Without question, one of the greatest advances in medicine in the last century has been the introduction of antibiotics. In fact, it is reasonable to say that we currently live in the “antibiotic era” of medicine.
Every day, thousands of Americans are treated with these life-saving drugs that combat the broad range of bacterial infections that have long impacted human health and survival. Collectively, antibiotics are perhaps the closest thing to a “silver bullet” that modern medicine can provide against the countless bacterial pathogens that cause serious infections.
However, the overuse of antibiotics is rapidly becoming one of the most challenging problems in contemporary medical practice. The key to the success of these powerful agents is appropriate use.
The safe and appropriate use of antibiotics is a national public health priority and the campaign to promote it is known in medical parlance as antimicrobial stewardship. In other words, we must be good stewards of this important resource if we expect it to remain effective.
Like so many other living things, bacteria evolve in response to environmental pressure. In fact, they happen to be exceedingly good at it, in large part because of their rapid reproduction. Subjected to antibiotic pressure, bacteria can evolve resistance, meaning that they are less or completely unresponsive to those antibiotics to which they have been exposed.
In addition, the overuse of antibiotics confers a selective advantage to those bacteria that are inherently resistant, giving them a competitive advantage. Many bacteria with antibiotic resistance have the potential to cause more serious infections than their nonresistant counterparts.
Hospitals, which house the sickest people with the most serious infections requiring use of the most powerful antibiotics, have long implemented strategies to reduce both resistance and the spread of drug-resistant and even multi-drug-resistant bacteria. Yet the community spread of resistant bacteria in many locations has become more commonplace.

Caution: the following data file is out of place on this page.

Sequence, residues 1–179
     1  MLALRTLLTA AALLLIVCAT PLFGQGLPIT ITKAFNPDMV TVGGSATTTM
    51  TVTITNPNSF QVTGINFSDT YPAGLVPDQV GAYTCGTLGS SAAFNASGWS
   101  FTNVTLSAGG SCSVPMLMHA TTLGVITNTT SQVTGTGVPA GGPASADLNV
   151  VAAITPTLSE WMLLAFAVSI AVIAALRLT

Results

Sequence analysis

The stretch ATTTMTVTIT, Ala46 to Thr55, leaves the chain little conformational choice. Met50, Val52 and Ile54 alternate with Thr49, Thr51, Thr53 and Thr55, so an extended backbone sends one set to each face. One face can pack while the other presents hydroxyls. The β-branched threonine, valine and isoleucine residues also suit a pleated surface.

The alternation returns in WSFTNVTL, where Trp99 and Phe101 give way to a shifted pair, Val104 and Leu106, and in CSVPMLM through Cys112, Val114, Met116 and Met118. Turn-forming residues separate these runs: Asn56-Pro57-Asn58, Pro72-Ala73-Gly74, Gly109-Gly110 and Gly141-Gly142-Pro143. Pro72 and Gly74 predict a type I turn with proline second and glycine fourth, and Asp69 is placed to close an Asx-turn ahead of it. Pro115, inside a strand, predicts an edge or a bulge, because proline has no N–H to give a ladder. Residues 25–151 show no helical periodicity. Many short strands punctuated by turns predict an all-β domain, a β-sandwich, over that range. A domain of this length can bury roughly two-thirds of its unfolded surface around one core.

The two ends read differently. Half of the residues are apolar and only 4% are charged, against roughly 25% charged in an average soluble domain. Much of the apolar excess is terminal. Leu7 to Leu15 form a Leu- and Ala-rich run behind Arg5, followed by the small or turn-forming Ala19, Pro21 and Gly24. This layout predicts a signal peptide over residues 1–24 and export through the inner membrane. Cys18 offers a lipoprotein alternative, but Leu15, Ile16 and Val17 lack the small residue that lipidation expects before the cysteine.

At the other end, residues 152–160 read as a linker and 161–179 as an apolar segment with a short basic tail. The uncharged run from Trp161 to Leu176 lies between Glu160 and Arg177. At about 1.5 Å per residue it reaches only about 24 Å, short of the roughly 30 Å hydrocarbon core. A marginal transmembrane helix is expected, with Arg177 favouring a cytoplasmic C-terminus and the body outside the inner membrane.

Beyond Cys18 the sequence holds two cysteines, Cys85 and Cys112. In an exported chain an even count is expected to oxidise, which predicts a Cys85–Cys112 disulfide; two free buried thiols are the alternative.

This includes a resistant form of skin bacteria known as methicillin-resistant staph aureus – or MRSA. MRSA causes skin and soft tissue infections and does not respond to the most common antibiotics for the treatment of these conditions.
Another common type of resistant bacteria is Clostridium difficile (sometimes referred to as C. Diff). These spore-forming gut bacteria exist in environments where normal healthy gut bacteria have been eradicated by antibiotics, especially among the elderly and those with weakened immune systems.
Everyone plays a role in curbing the advance of antibiotic resistant bacteria. Health care providers, pharmacists and infection control and laboratory professionals are all responsible for surveillance and the development of appropriate protocols and prescribing procedures for infections that are based on the best available science.
Patients support safe and effective antibiotic prescribing through a shared decision-making approach to treatment that acknowledges the non-effectiveness of antibiotics for nonbacterial conditions.
Working together, we can all make sure that these important tools in our treatment toolbox remain available and effective for generations to come.
Dr. Matthew A. Clark, a board-certified physician in internal medicine and pediatrics, works for the Indian Health Service.